Dr. Kent Ingle: Coronavirus may reveal college admission exams are nonessential for higher education

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Could this present pandemic be revealing to us that the majority of universities put too much weight on standardized tests for admission?

As president of Southeastern University, over the past decade I have seen more schools begin to seriously review the benefits of pulling SAT/ACT requirements or making them optional. The COVID-19 pandemic may very well be the stopping point for higher education to consider whether standardized tests should be the ultimate tool of measure for college admission.

For years, standardized tests have been the pinnacle for university admissions to determine a student’s academic success. Now, due to the impacts of the coronavirus and the nearly one million students who will be unable to take the SAT this year, more schools are dropping the SAT/ACT requirements for 2021.


Already several universities are suspending standardized test requirements for adjustments to admission qualifications due to high schools across the nation that had to close early. As of this week, a total of 51 universities have suspended the requirements of standardized testing while many other schools are making these tests optional. The New York Times reported, some such as Boston University, Tufts and Northeastern have adopted an "optional testing policy."

As more institutions work to adapt to these unique circumstances, schools are finally beginning to consider, should standardized testing be the end all and be all of determining a student’s academic worth? Surely, it may be a significant determining factor for where a student currently stands. But over the years our nation has embraced these tests as the measure students are often held to when applying to their school of choice.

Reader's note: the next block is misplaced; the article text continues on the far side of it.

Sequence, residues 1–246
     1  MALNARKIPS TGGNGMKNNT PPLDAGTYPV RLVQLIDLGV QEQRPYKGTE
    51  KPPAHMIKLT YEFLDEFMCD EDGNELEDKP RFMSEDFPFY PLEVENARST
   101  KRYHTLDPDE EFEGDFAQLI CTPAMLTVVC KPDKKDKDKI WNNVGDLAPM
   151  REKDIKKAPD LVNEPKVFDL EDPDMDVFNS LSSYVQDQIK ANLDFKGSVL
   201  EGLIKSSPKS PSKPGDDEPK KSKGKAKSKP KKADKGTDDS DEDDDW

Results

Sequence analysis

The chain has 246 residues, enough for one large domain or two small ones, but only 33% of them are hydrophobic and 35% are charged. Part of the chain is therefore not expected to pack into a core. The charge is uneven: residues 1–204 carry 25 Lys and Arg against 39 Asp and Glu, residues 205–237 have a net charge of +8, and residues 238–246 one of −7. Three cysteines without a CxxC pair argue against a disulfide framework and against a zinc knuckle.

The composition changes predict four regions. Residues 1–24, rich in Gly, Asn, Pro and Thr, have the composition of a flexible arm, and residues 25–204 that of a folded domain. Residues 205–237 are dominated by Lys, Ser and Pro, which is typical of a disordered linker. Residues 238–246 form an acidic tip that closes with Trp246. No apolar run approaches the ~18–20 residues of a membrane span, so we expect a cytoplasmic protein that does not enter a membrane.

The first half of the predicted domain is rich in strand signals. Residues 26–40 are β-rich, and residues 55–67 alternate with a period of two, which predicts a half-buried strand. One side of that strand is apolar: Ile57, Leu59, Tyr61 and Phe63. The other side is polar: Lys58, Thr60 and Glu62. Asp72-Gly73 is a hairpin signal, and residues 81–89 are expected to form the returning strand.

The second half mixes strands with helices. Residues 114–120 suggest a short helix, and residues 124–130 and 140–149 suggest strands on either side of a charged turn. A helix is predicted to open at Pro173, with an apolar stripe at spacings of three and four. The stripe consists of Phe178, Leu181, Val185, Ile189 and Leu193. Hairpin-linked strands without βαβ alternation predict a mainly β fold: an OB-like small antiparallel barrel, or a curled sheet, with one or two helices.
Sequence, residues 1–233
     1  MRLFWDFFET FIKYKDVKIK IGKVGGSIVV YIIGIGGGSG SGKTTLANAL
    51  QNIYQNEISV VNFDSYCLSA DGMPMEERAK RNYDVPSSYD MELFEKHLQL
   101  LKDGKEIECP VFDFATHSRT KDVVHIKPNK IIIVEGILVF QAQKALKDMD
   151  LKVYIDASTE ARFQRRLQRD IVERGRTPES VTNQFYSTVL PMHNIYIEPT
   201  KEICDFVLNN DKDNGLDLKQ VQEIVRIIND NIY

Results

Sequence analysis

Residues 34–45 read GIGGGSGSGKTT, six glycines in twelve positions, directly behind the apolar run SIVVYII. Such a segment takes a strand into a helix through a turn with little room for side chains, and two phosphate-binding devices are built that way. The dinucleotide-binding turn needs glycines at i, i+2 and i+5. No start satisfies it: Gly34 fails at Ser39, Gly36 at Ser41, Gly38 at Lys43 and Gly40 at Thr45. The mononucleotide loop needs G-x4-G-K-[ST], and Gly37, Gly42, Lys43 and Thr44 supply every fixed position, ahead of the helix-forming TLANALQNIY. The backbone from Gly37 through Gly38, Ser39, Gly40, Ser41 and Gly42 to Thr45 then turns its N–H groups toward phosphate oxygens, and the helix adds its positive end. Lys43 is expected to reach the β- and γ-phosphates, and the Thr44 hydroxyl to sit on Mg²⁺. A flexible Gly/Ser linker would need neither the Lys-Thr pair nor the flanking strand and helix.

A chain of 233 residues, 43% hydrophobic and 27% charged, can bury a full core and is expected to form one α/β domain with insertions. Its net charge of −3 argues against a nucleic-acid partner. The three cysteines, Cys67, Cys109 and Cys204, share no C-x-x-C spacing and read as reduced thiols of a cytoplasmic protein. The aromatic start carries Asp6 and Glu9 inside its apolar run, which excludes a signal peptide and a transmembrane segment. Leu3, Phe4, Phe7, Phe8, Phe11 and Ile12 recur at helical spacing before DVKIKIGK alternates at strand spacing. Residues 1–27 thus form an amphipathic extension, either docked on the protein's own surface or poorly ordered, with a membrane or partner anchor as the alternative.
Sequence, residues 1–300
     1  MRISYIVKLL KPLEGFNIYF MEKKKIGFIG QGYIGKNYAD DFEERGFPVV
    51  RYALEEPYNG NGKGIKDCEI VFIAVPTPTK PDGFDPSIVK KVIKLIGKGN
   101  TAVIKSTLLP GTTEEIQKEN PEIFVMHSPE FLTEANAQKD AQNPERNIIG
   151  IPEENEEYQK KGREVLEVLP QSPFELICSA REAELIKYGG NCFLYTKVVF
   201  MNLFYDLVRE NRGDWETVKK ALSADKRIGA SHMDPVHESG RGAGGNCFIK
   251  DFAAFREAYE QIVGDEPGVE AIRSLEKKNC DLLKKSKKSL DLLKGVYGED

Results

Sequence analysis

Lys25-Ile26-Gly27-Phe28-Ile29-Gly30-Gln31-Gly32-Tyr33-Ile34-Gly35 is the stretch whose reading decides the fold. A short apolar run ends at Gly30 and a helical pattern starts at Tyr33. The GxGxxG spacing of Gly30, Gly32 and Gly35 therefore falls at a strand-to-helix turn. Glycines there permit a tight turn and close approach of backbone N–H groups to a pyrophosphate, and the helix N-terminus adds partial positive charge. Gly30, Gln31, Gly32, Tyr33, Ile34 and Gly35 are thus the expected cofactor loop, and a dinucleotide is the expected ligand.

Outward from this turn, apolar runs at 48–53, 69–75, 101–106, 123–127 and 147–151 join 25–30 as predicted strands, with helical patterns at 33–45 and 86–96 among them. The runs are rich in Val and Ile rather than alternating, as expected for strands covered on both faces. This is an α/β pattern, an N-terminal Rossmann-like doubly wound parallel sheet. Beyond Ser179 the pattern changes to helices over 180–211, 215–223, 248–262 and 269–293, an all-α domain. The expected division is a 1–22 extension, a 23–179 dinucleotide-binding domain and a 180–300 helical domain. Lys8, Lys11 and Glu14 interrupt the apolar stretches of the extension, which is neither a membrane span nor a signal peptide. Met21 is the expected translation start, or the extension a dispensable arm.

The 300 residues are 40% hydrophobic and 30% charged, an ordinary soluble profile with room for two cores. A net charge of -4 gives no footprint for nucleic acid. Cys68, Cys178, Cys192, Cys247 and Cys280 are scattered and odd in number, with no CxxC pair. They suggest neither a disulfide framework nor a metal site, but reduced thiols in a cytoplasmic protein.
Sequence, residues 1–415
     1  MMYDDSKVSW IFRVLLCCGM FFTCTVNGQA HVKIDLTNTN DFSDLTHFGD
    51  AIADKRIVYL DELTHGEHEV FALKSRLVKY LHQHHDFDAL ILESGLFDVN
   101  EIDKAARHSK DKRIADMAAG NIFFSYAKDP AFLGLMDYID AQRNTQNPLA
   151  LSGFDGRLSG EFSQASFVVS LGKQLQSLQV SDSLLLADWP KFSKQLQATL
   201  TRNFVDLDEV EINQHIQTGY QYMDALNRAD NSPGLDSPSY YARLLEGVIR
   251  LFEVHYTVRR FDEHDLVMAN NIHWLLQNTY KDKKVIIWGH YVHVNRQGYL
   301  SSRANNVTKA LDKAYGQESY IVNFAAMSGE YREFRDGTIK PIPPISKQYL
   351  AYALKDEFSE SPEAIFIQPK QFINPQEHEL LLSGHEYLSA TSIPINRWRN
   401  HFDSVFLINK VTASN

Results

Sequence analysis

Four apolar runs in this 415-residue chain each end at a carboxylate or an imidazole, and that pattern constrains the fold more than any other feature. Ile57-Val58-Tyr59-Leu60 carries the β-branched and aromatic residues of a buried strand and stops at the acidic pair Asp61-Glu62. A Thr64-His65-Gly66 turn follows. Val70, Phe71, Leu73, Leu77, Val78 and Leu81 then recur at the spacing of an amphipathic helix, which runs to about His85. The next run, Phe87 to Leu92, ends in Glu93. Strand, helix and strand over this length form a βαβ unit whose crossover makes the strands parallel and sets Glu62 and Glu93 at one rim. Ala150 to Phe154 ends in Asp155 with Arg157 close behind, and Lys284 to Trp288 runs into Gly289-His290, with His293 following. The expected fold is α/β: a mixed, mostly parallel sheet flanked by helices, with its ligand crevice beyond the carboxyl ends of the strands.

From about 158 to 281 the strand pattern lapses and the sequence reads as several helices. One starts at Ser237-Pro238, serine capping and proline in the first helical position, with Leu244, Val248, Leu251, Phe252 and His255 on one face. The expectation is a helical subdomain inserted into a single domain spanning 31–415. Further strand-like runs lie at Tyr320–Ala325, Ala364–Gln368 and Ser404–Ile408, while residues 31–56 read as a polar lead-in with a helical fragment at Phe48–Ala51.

Following the college admission scandal of last year, falsified SAT and ACT scores pressed universities to consider if too much emphasis was being placed on these standardized scores. Since last year, schools across the nation have been dropping the requirement of standardized tests. In fact, throughout last summer more than one school each week was announcing the removal of SAT/ACT requirements. A study published in the “Educational Researcher” journal, shows that a high school GPA can predict college graduation rates five times more accurately than ACT scores.

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Earlier this year, a study by Steve Syverson called "Defining Access: How Test-Optional Works" found that ending SAT/ACT requirements encouraged more applications and diversity for universities, without weakening schools’ graduation rates.

In addition to being an unfair assessment of a student’s academic capabilities, many universities have also found that these requirements can hinder universities from a more diverse enrollment. Last fall, The Washington Post published that many of the schools that had dropped the SAT/ACT admissions requirement to draw a more diverse group “reported that those efforts were successful.”

Now, more universities are beginning to see that standardized tests are not an entirely accurate reflection of a student’s academic success, let alone their full potential. At Southeastern University, while we do assess a student’s SAT/ACT scores, we holistically weigh out each student’s application. We consider their academic successes and achievements, their extracurricular involvements and whether or not they are at a place to take on the demands of higher education. Perhaps our standard for admittance should reconsider if there is only one measure for learning?


Indeed, there is no cookie-cutter approach to learning and therefore no one way to determine a student’s academic potential. Yet, over the years, America’s system of higher education has bought into the idea that ACT and SAT scores are a strong indication of a student’s future academic success.

If anything, before we continue pushing forward with ideal standards that may be broken, this pandemic has caused us to take a moment to really weigh out how we determine the worth of a student’s academic potential.